Place the damper of the transmission bar, connect the photoelectric speedometer, strain gauge, super-dynamic strain gauge, and oscilloscope, and ground it to reduce the interference of environmental noise to the instrument. Through the test without a specimen between the incident bar and the transmission bar, the average speed of the bullet is 6.75 m/s, 7.9 m/s, 8.9 m/s, and 11.4 m/s, respectively.

In order to reduce the influence of the three-dimensional stress caused by friction on the test results, a small amount of petroleum Vaseline was applied to both ends of the specimen [26], and the specimen was sandwiched between the SHPB incident bar and the transmission bar. After the check is correct, nitrogen is injected into the chamber, and the initial velocity of the projectile is controlled by the size of the air pressure. When gas is injected completely, check again whether the equipment is normal and whether the environment is safe. After confirming that it was normal, pressing the launch button, accompanied by a loud noise, the specimen was instantly destroyed into fragments. The placement of the test equipment is shown in Figures 2 and 3.

2.5. FFT-FIR Waveform Shaper

When using the SHPB test device, the dispersion phenomenon will have a greater impact on the test results of the SHPB device, so how to reduce the interference of this phenomenon on the test is a problem that must be considered.

In 1971, Duffy et al. [27] proposed to install a pulse shaper on the SHTB device. The pulse shaping device uses the stress wave to perform multiple reflections, eliminates the high-frequency components generated by the bullet directly impacting the incident bar, and weakens the dispersion effect [28]. Frew et al. [29] applied the pulse shaping theory to the SHPB experiment and proposed and verified the theoretical model of the shaper. Common materials for pulse shaping devices are copper, aluminum, and even cardboard. Pang et al. [30] considered the impact speed and the density of the shaper, and improved the SHPB pulse shaping technology. The size and Young’s modulus of the physical pulse shaper affect the filtering effect of the incident wave. When the bullet speed is too fast, the shaper will fail [28].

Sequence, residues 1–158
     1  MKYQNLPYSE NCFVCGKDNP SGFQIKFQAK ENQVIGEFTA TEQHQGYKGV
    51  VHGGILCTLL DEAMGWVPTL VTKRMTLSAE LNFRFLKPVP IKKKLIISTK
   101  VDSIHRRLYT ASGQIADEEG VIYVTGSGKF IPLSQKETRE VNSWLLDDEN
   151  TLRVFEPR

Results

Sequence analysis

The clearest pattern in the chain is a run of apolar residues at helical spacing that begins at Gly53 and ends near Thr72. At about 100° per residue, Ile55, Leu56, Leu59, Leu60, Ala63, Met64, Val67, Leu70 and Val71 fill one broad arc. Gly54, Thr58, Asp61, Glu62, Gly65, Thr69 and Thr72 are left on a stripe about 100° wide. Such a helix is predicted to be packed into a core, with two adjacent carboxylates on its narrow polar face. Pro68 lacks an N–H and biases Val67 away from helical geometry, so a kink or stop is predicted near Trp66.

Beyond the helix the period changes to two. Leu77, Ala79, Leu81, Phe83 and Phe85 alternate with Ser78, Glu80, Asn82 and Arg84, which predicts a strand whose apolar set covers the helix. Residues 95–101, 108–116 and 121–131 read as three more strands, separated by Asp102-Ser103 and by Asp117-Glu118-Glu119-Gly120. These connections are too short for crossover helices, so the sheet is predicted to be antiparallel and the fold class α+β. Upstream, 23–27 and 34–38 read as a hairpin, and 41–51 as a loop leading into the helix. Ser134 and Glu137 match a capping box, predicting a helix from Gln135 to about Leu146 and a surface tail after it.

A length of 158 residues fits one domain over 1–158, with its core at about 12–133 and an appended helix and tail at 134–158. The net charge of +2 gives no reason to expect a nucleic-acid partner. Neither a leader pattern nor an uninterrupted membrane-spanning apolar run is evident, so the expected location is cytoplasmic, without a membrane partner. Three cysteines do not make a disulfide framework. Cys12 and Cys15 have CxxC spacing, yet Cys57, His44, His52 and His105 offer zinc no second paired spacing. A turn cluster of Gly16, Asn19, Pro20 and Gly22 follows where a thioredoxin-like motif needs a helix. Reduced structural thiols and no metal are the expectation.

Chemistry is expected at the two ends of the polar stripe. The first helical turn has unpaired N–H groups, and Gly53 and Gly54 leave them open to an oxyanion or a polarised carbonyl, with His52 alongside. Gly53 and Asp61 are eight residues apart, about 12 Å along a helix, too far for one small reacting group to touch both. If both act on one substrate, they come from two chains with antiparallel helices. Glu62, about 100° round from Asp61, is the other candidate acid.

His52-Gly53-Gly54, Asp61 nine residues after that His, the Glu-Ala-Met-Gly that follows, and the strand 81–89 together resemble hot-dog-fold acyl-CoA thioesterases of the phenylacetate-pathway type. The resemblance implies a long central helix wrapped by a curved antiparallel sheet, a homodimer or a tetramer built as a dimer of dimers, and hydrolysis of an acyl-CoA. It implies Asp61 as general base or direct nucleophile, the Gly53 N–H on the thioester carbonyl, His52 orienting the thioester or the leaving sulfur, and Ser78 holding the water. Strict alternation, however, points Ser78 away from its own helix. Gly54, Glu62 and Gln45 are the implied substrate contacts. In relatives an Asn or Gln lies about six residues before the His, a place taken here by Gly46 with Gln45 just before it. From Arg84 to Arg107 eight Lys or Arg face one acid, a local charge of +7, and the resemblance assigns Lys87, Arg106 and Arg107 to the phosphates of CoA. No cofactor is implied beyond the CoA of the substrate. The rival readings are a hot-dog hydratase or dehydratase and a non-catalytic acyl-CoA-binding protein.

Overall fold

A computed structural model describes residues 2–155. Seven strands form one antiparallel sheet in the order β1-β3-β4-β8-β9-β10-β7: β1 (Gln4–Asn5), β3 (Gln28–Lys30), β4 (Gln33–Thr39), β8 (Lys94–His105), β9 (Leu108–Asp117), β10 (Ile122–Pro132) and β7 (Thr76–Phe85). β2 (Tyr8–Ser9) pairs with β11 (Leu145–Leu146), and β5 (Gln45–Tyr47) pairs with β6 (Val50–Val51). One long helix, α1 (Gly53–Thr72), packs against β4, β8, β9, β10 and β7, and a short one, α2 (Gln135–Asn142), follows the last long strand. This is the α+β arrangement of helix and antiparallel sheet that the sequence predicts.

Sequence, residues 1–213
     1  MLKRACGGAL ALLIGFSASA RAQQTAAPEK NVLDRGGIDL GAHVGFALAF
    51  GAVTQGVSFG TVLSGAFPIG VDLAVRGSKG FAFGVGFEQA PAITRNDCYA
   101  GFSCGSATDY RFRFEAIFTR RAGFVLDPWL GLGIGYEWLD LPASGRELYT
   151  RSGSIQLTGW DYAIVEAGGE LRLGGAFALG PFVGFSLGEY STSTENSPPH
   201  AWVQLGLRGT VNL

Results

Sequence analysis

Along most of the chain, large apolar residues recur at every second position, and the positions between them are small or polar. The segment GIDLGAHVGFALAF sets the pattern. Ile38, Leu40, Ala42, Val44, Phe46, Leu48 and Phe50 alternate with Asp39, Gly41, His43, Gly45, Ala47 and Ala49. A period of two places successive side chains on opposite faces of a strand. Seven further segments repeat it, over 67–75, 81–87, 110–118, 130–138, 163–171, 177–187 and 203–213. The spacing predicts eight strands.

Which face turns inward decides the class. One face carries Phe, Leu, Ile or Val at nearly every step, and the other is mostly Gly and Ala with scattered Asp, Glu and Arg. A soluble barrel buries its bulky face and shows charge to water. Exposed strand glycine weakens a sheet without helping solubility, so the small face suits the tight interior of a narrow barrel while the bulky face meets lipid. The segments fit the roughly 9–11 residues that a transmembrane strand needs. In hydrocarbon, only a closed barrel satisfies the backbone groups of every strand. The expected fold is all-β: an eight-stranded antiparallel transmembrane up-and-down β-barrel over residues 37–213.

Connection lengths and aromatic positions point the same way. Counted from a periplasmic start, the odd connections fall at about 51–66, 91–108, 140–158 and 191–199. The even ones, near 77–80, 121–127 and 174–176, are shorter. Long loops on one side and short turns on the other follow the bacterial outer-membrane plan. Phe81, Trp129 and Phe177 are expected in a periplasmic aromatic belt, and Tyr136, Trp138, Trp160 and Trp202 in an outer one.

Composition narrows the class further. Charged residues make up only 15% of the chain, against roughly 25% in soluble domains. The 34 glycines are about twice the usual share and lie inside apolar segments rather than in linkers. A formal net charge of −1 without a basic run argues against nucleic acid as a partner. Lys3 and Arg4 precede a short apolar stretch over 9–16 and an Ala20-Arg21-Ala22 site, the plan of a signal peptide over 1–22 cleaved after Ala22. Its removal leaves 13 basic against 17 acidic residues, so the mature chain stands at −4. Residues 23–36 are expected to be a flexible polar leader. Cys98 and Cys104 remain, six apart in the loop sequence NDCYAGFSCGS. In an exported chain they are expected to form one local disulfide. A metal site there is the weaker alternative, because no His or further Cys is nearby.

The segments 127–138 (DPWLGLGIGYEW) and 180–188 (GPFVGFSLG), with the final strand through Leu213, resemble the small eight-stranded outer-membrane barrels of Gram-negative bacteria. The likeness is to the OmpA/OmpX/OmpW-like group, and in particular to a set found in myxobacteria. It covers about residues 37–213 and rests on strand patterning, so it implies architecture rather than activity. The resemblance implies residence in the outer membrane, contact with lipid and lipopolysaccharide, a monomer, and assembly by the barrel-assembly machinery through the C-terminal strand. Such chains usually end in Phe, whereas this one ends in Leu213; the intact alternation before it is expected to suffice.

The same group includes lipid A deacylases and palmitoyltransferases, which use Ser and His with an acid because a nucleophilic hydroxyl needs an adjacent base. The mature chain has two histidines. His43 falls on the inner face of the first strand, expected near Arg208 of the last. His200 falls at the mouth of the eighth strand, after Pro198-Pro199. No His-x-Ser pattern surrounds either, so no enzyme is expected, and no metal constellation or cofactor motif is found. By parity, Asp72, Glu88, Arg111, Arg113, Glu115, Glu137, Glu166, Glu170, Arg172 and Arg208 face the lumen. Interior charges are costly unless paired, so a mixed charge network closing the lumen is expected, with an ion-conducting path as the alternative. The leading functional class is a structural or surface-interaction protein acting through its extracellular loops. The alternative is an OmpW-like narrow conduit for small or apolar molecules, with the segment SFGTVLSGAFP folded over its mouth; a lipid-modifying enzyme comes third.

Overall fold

In order to adjust the high-frequency components more flexibly, so that the waveform shaping is not affected by the impact speed, the size of the shaper, and the material, this test uses the incident bar end without a pulse shaping device. Use the “digital shaper” written by MATLAB to process the collected voltage signals to achieve the effect of pulse wave shaping. The frequency spectrum is an important feature of the signal, which reflects the frequency components and distribution of the signal. The frequency spectrum estimation of the signal is one of the important methods of signal analysis. The signal is difficult to detect in the domain in the global mode, but it is easy to distinguish when converted to the frequency domain. Therefore, the frequency spectrum is very effective in distinguishing the difference between periodic signals or nonperiodic signals and periodic signals. This test uses FFT to analyze the frequency of the collected signal. The amplitude spectrum is drawn as shown in Figure 4.

The ordinate size reflects the signal energy at the corresponding frequency point; the higher the peak value, the higher the energy. It can be seen from Figure 4 that the frequency of the high-frequency component that causes the dispersion effect is above 30 kHz, and this component should be removed. Therefore, for the collected original signal, we hope to attenuate the frequency band that is higher and lower than the required frequency band, so the original signal is processed by the pass filter. The finite impulse response (FIR) filter can ensure the amplitude-frequency characteristics to ensure strict linear phase characteristics during signal processing [31]. The ripple of the passband and suppression band also needs to be considered, so the equal ripple method is used to design the FIR bandpass filter to process the signal. The signal before filtering is shown in Figure 5, and the processed signal is shown in Figure 6.

Studies have shown that the cost of using metal, rubber, and other pulse shapers to shape the waveform is the loss of a certain strain rate [20, 32]. This paper compares the stress-time after the digital shaper is not used and the digital shaper is used, as shown in Figure 7. It can be concluded that the fitting slope of the stress-time curve after reshaping has been reduced.

3. Results and Discussion

3.1. Stress-Strain Curve under Impact

Through the calculation of the data by the “two-wave method,” the stress-strain curves of the specimens with different freeze-thaw cycles under different strain rates are obtained, as shown in Figure 8.